Qantas Socceroos head coach Holger Osieck talks to footballaustralia.com.au associate editor Michael Cockerill about his squad to face Oman.
Socceroos coach Holger Osieck goes one-on-one with footballaustralia.com.au associate editor Michael Cockerill after releasing his squad for the forthcoming World Cup qualifier against Oman.
Q. Thanks for your time Holger. You're getting ready for three of the last four World Cup qualifiers being at home. Are you expecting maximum points (nine) from those games? A. Well, as many points as possible.
Q. What about top spot. Have you looked at the table and considered the possibility of finishing above Japan? A. Well I don't consider anything other than qualifying. That is what really matters.
Q. You've been around the world lately talking to a lot of players. Tell us about the mood of the players, and are you putting pressure on them to perform? A. Well basically the players are ready, everybody is looking forward to it, they're in a good spirit and they're going to show it on the pitch as well.
Q. Can we talk about Oman. Are they dangerous opponents? A. They definitely are. They have some good elements, such as discipline, they really defend in numbers, they attack, mostly with counters, with some very dangerous strikers. They have a lot of pace up front. They shouldn't be underrated at all.
Q. People who know Omani football talk a lot about (playmaker) Fawzi Bashir. He didn't play in the away match in Muscat, but will be available for this match. Have you focused on him at all? A. He's one of those guys who plays in the inside midfield position. There's two of three more who also play in his position and, whatever, they're all very much alike, they're all very enduring runners, they have that typical stamina that those people provide. It's in their nature. It doesn't matter whether he's playing, or the others. They're all pretty much on the same level.
Q. If we can talk about the Socceroos. Obviously your captain, Lucas Neill, is out with suspension. What sort of loss is that? A. Well, to not have your captain on board is always a little bit of a problem, because he should be steering the ship through unquiet waters, when things don't go right during a game. But I'm sure, on the other side, all the boys who will be on the pitch will try hard, and compensate for that.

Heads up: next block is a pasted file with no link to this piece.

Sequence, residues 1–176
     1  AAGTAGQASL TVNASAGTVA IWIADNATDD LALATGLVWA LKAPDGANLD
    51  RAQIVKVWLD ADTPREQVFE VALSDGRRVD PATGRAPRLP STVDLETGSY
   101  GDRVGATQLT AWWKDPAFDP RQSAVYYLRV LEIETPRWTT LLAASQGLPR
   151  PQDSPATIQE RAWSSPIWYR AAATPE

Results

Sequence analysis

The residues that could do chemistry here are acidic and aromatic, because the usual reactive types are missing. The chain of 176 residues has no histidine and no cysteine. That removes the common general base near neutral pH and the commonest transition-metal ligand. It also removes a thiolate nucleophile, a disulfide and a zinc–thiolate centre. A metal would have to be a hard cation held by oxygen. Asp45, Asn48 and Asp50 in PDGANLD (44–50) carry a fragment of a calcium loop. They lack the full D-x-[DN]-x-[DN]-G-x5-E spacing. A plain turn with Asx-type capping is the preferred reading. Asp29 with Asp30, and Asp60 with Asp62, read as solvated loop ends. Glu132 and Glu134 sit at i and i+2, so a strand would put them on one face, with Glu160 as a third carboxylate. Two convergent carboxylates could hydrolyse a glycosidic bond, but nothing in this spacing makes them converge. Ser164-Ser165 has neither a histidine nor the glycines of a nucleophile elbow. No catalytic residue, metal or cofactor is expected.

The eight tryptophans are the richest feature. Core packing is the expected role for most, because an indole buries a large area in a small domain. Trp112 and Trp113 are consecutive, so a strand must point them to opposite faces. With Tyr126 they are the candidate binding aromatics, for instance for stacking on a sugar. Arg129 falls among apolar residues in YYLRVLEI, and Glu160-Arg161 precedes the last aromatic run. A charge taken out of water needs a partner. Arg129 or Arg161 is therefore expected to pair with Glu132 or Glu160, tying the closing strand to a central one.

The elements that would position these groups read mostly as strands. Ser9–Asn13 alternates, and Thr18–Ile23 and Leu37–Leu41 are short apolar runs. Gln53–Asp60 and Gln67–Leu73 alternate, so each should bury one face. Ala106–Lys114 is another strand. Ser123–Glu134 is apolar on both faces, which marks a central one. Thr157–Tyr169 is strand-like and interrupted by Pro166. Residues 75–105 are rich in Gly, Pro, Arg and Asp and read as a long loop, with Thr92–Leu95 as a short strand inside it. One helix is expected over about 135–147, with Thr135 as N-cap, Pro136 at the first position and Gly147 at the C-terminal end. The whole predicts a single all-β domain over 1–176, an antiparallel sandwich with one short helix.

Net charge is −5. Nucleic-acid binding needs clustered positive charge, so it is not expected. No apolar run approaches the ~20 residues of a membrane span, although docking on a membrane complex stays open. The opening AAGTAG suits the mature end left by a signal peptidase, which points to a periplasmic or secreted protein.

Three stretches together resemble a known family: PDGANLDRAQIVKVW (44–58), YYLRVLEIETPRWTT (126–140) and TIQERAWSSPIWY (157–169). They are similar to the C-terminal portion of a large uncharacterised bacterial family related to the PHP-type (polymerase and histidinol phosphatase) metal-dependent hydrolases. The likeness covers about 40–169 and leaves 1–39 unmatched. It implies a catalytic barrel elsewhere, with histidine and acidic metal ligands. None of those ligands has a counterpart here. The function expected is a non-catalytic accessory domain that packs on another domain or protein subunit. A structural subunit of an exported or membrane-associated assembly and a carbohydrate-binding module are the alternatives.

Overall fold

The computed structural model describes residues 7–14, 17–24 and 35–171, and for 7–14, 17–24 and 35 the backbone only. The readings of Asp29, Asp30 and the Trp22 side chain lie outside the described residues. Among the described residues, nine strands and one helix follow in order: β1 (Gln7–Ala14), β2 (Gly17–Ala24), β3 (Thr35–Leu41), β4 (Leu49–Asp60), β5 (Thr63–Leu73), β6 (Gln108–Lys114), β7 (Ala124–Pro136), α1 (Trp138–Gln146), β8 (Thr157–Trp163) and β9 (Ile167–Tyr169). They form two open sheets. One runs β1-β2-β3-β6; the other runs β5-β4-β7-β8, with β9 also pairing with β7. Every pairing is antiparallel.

Q. Are you particularly concerned about central defence for this game? A. I had a good look at all the boys that I invited. They played a couple of games, and did well. Sometimes alongside Lucas, sometimes we played without Lucas anyway. They all did pretty well. I'm confident whoever is in that position will do a good job.
Q. Is Mile Jedinak an option for you in central defence? A. Mile does well in holding midfield. I've seen a couple of (Crystal Palace) games recently on TV, and he plays a pretty prominent role there. I don't think I will do him any good if he plays in a more defensive role.
Q. There were some questions about the value of the East Asian Championship qualifiers in Hong Kong (last December), but you've picked six players from that squad for this game. It must have been a useful exercise after all? A. Actually it was a very valuable experiment. It gave me a good picture of what people can do on the international level. You can see the result.
Q. There are also six Hyundai A-League players in this squad. Is that a show of faith from you in the local competition? A. I always supported the A-League. I get a lot of quality from that. The only negative thing is that the season is way too short.
Q. There's a lot of hype around Tom Rogic. Is it too soon for him to start this match? A. There's a lot of expectations regarding Tommy, he's a highly talented player. But to burden him with all those expectations would be too premature.
Q. Three players (Mile Jedinak, Luke Wilkshire and Tim Cahill) are sitting on suspensions going into the Oman game. Does that affect your thinking? A. I'm not worried at all. We have to play full pace, full committment, and whatever comes up, comes up. I'm very confident I have enough depth to compensate for any losses (suspensions).
Q. Finally, you've been coaching professionally for 36 years but never gone to a World Cup as a head coach. Are you allowing yourself to dream about Brazil? A. Of course it's a big target. I want to be there. I've already experienced seven World Cups in different functions, but I try everything to sit on the bench at the next one.
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